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BLSA Symposium: Changing the Horizon – Fairness in Sentencing

In observation of Black History Month, Regent’s Black Law Students Association (BLSA) hosted its first ever symposium. The Saturday, February 19th event focused on “Changing the Horizon – Fairness in Sentencing.”

“The purpose of this program [was] to foster an academic dialogue about legal issues that affect the black community,” said a BLSA representative. “The dialogue explored the recent Supreme Court decision regarding disproportionate sentencing guidelines and how those guidelines have a disparate impact on the black community.”

The morning kicked off with a meet and greet breakfast generously sponsored by the South Hampton Roads Bar Association.

The first session featured guest panelist Dr. Valerie Wright, a criminologist who works as a research analyst for The Sentencing Project, and Professor and Director of Regent Law's Civil Litigation Clinic, Kathleen McKee. During the session they answered the question “If racial and ethnic disparities exist, how do we eliminate the gap?”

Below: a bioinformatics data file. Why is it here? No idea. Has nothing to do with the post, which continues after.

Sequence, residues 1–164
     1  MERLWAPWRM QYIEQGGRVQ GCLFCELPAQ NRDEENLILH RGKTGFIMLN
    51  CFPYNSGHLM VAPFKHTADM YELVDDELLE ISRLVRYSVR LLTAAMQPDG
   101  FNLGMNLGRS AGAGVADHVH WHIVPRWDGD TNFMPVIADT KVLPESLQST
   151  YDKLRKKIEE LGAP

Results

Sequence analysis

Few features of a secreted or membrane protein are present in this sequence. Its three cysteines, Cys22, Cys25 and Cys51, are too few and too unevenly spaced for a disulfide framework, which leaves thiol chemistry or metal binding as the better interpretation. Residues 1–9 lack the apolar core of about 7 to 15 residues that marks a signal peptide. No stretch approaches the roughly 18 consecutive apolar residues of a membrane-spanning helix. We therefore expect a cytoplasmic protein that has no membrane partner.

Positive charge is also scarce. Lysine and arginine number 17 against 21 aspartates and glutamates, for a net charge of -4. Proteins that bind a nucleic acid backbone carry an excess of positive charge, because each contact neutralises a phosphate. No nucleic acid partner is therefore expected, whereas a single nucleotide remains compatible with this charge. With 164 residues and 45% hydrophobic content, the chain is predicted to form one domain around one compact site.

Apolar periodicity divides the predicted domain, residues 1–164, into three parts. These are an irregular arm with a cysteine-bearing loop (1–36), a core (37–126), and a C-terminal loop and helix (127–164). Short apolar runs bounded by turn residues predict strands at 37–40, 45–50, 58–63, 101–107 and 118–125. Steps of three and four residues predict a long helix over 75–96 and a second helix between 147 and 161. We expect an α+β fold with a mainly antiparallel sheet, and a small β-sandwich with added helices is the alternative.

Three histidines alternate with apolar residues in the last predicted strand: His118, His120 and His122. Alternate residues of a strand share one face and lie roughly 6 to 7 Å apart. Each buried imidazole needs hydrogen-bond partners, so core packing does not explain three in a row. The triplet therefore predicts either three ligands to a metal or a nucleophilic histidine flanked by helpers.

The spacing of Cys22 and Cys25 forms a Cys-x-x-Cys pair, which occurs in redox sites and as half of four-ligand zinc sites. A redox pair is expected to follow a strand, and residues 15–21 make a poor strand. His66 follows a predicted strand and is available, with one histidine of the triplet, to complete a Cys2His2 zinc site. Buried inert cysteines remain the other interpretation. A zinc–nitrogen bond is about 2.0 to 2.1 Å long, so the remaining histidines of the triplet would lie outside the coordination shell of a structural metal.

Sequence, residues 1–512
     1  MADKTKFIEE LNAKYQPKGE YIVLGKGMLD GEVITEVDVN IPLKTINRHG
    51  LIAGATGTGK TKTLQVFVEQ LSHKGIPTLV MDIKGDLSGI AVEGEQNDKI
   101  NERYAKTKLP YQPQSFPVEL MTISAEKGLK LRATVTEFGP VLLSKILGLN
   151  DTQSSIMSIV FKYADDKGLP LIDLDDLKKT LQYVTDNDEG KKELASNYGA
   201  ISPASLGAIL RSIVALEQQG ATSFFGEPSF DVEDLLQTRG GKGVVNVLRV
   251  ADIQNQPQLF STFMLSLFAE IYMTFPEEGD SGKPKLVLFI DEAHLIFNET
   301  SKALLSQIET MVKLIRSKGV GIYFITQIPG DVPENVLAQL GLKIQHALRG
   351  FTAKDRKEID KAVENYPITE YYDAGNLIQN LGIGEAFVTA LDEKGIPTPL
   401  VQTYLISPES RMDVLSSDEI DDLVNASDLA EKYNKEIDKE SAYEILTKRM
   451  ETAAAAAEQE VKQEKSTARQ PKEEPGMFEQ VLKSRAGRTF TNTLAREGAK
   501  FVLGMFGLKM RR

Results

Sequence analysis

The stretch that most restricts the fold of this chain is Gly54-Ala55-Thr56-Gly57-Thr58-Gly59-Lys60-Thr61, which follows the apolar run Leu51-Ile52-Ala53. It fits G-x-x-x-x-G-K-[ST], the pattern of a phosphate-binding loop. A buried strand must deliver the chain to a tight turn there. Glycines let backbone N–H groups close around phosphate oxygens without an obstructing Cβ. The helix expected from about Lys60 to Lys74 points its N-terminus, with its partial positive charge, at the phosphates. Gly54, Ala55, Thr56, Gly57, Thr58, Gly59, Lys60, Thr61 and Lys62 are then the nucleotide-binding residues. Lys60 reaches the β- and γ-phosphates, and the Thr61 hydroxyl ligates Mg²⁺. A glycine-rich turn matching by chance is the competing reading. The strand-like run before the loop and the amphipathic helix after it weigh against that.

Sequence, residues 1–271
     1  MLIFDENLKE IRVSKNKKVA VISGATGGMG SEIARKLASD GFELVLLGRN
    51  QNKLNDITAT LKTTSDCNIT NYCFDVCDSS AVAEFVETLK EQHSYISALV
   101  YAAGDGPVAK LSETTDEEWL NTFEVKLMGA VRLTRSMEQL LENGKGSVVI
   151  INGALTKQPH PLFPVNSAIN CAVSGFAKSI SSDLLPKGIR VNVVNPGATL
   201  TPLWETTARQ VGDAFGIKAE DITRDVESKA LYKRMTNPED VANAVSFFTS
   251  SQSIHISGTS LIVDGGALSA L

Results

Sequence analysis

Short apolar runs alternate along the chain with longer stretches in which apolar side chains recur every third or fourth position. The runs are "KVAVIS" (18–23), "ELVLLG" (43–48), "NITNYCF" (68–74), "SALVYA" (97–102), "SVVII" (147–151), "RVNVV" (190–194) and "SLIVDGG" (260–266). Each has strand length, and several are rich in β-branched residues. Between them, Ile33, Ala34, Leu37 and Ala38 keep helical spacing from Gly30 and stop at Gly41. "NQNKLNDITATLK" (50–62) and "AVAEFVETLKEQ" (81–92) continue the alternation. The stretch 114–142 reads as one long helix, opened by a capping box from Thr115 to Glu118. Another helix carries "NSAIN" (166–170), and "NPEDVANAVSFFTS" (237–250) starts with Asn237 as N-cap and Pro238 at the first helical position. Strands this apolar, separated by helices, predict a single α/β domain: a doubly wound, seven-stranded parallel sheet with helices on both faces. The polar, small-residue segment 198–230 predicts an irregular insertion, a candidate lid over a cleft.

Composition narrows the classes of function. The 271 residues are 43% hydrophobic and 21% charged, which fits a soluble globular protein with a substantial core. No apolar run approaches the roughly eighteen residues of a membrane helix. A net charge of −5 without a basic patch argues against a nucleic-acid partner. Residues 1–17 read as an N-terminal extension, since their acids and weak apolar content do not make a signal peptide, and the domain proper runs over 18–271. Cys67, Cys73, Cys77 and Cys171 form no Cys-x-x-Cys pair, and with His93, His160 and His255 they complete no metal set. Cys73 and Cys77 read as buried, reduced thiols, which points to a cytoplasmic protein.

Next, Commonwealth’s Attorney for Newport News, Howard Gwynn, and Norfolk Commonwealth’s Attorney, Greg Underwood, discussed “The Reality of Recidivism – Public Safety vs. Offender Outcomes.”

In the day’s final session Dr. Wright and Professor McKee returned to address sentencing guidelines in a session on the impact of Kimbrough v. United States and the Fair Sentencing Act of 2010 on minority communities.

The day concluded with participants attending a soul food café luncheon, where they discussed everything from the colloquium’s concepts and conclusions to classes, work, and personal lives.

The Regent Black Law Students Association exists “to promote community service in neighboring black communities and to be a vehicle of spiritual, academic and cultural awareness and support for black law students.”

For more information on the symposium and on the Black Law Students Association please contact

- By Molly Eccles

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